The product of two doctor parents, Matthew Sewell determined his career path early in life.
“I’ve never really wanted to do anything else,” he told The Journal.
The road to Sewell’s professional life began at 17 years old, but it didn’t travel through medical school and he’s not Doogie Howser. The journey began – and now continues – on the gridiron at Harold E. Harlan Stadium in Haughton.
Buccaneers’ head football coach Jason Brotherton recently announced he lured the now-26-year-old Sewell back between the pines to serve as the team’s offensive coordinator.
There have been more significant hires during a busy 2023 offseason in the world of Northwest Louisiana high school football, but you could argue none are more meaningful.
“Haughton football has been one of the most important things in my life,” said Sewell, who fills a void left by Kyle Wilkerson, a 27-year veteran at Haughton who remains on staff in a different capacity.
The move wasn’t easy for Sewell, who left the same post at Parkway High after three years under head coach Coy Brotherton – Sewell’s best friend and Jason’s younger brother.
“Coy has been my best friend since I was 18,” Sewell said. “He took a chance on me as an offensive coordinator when I was 22 years old, when he got his first head coaching job in 5A – that’s pretty crazy. That meant a lot to me. That made leaving even harder.”
Two other factors, named (wife) Morgan and (7-week-old daughter) Olivia, made it a no-brainer.
“Having a baby changed the way I thought about everything,” Sewell said. “Parkway is way out of the way of where I live and my family lives. Everything in our life is out (near Haughton). Mom (Leslie Barnes Sewell), Dad (Mike Sewell), Morgan’s parents, my brothers. It would be a strain (caring for the baby) working at Parkway.”
In addition to the laundry list of family-related reasons, another major factor in Sewell’s decision is the future with the Buccaneers. Sewell dreams of leading the Bucs out of the tunnel on Friday nights in the fall. Not that he couldn’t get the job while at Parkway should Jason Brotherton ever decide to step down at Haughton, but Sewell believes it would be best to be as close as possible.
“The guys at Haughton are my mentors and they are like family,” Sewell said. “The guys at Parkway are like my best friends.”
Sewell, who began attending games at Haughton in 2000 to watch older brother Chris Barnes play, has played either baseball or football under 10 current Buccaneers coaches.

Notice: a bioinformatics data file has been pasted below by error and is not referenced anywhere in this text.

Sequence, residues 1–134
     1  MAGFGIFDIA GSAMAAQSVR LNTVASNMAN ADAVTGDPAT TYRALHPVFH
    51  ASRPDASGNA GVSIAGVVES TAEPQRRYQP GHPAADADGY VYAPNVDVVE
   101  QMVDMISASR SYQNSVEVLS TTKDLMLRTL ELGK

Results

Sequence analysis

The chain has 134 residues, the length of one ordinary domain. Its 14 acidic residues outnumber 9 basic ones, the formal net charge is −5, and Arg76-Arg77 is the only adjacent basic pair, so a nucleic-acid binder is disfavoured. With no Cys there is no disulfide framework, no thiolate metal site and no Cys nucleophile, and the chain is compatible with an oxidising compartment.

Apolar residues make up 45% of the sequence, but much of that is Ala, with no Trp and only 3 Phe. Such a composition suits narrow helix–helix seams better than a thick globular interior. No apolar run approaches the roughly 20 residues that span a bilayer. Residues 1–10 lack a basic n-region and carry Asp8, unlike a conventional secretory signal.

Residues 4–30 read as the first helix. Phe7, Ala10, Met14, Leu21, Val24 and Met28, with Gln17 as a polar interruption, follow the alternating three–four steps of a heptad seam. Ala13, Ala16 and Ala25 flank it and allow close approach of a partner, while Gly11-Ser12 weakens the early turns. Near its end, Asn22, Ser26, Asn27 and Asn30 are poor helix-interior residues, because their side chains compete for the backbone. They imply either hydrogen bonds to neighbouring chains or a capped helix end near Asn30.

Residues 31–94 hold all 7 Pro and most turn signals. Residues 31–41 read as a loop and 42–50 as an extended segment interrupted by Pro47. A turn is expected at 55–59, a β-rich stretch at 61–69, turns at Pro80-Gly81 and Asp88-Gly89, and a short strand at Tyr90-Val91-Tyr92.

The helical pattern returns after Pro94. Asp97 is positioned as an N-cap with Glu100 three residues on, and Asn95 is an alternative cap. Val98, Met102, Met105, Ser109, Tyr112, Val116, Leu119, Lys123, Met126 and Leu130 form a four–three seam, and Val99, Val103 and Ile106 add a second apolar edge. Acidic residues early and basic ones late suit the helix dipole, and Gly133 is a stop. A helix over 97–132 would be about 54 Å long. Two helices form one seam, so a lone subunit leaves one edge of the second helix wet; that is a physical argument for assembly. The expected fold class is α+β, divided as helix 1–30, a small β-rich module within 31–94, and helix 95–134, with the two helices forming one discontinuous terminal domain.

“Any time you have former players that want to come back to your program it speaks well of the program,” Jason Brotherton said. “To get Matthew back at Haughton means a lot for our program, school, community, and to me personally.
“Matthew is a bright young mind with lots of energy and also a man of high character. I told him the day he left for Parkway that I was going to try to get him back to Haughton one day, and we couldn’t be more excited to have finally made that happen.”
Jason Brotherton will begin the 2023 season with two new, but familiar faces as coordinators (longtime Haughton assistant Josh O’Nishea was recently named the defensive coordinator).
Sewell’s claim to fame as a Haughton football player is being a freshman teammate to senior Dak Prescott. His high school days were plagued by injuries – a torn ACL, a broken collarbone and ripped up shoulder.
“That didn’t have anything to do with me not playing a whole lot,” Sewell joked. “I wasn’t good.”
However, the injuries forced Sewell to spend a lot of time with Haughton’s football and baseball coaching staffs. That sparked a drive to become a coach.
Following an injury-plagued football career at Haughton, Sewell caught on as a volunteer for Ruston football in 2014 while he attended Louisiana Tech. Rodney Guin, then Haughton’s head coach, welcomed his former player as a volunteer for the 2015 and 2016 campaigns.
After he graduated from Louisiana Tech, Sewell took a paid position at Haughton under Jason Brotherton until Coy Brotherton “took a chance” on a 22-year-old coach.
“I’m only 26, but this will be my 10th football season as a coach. I’ve coached in the Class 5A semifinals once and the quarterfinals twice,” Sewell said, “and we play in one of the toughest districts in Louisiana.”
And Sewell’s parents?
“Coaching is a very different lifestyle, but they never pressured me — they pushed me to do whatever I wanted to,” Matthew Sewell said. “However, I still didn’t tell my parents I wanted to be a coach until I was a senior in high school. They were very supportive, so that helped.”
It didn’t take Sewell long to learn how to succeed in the game.
“Make sure you’re surrounded by good football coaches,” Sewell said. “I’ve been fortunate with that. I’ve had that at Parkway. You need good people you can lean on and work together with.
“And you also have to believe in what you believe in and do what you do.”
Although he’s just in his mid-20s, it’s clear plenty of people believe in Matthew Sewell.
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